One morning I was taken aback to see my daughter sitting on the bench with the tall, lanky bearded visitor seated near her feet. The duo seemed to be in great mood. The initial sulking had been replaced by bonhomie. He appeared to have unusual patience for her endless chatter. I found some raisin and nuts tied to the end of my daughter’s little saree. I frowned to see this and decided to give an eight-anna coin to him. He took it and slipped it into his pocket.
When I returned an hour later, the innocuous eight-anna coin seemed to have kicked up a fiasco. Apparently, the Cabuliwallah had given back the coin to her, and she had flaunted the ‘gift’ to her mother. She was aghast to discover that her little daughter had accepted money from an unknown man from a ‘foreign’ land. She was screaming in disapproval.
I stepped in to sort out the ugly situation. To my bewilderment, I found from Mini that the duo had met several times before, and the clever Cabuliwalah had made her way to her heart through gifts of raisin and nut on each encounter. Now, the two were friends. The rapport was real. It seems the Cabuliwalah had no dearth of jokes that Mini relished. She would ask him, what he had in his bag. He would reply saying he had an elephant!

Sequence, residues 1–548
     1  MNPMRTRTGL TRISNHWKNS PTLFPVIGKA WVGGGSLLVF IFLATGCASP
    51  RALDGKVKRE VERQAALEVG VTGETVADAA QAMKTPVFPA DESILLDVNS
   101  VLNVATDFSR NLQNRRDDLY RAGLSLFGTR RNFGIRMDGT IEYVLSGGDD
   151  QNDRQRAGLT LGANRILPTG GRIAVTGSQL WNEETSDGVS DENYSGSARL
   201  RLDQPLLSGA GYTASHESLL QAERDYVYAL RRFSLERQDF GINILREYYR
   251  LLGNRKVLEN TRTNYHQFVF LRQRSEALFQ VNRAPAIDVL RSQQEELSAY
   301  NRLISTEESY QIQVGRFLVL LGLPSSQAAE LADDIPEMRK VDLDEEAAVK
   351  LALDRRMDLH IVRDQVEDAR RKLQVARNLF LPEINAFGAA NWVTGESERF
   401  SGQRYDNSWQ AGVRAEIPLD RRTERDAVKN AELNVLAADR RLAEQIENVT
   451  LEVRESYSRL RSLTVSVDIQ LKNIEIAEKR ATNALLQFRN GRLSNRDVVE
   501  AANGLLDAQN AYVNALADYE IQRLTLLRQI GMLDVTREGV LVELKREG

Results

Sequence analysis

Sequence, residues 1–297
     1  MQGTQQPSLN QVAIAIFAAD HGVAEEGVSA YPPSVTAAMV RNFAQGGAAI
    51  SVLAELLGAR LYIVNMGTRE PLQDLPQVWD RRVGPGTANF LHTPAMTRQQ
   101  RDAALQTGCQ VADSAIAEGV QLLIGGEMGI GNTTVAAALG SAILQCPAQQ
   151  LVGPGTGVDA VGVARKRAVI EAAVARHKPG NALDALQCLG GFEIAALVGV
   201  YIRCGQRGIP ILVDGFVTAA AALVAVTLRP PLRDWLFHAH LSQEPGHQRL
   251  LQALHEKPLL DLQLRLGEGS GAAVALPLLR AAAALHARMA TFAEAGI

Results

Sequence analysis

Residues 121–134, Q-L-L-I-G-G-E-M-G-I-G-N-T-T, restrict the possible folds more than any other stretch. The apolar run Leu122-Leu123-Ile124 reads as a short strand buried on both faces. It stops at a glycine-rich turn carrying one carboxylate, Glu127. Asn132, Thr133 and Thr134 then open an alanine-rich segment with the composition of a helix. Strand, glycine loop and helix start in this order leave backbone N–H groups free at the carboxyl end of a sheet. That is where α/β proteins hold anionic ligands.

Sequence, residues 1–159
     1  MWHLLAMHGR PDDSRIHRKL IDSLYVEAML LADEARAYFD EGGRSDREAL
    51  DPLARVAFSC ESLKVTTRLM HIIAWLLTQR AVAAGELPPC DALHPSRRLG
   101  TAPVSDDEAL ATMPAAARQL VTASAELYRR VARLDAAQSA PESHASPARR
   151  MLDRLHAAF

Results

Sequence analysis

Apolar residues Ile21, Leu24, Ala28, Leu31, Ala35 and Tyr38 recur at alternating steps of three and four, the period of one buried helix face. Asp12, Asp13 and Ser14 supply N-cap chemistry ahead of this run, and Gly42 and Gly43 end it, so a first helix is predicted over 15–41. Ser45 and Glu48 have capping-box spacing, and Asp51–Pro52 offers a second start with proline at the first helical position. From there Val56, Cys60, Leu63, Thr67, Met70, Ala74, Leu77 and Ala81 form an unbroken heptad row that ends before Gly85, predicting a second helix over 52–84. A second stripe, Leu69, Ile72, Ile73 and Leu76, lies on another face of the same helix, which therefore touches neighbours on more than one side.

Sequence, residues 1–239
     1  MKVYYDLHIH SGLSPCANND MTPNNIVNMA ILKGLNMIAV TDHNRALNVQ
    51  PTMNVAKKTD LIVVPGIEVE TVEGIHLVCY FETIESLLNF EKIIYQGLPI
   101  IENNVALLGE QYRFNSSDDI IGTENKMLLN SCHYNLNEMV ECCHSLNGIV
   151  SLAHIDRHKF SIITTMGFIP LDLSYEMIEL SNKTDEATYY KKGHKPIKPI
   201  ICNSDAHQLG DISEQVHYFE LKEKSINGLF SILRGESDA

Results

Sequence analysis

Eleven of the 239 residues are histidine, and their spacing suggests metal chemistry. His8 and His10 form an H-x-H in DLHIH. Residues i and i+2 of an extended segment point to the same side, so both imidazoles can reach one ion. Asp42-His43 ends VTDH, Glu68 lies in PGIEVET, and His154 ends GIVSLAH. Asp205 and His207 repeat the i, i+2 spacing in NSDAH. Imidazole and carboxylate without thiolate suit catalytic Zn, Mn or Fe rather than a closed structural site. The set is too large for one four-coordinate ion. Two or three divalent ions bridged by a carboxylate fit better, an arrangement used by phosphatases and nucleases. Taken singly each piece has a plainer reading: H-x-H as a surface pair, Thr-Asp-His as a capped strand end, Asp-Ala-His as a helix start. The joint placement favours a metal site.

The bond between the tiny girl and the tall old bearded Cabuliwalah was as fascinating as it was intriguing.
At times, he would ask her when was she going to her father-in-law’s house. My conservative household kept such matters from her. She could hardly understand the import of his question. She would throw the question back at her and ask him when he was going to his in-law’s house.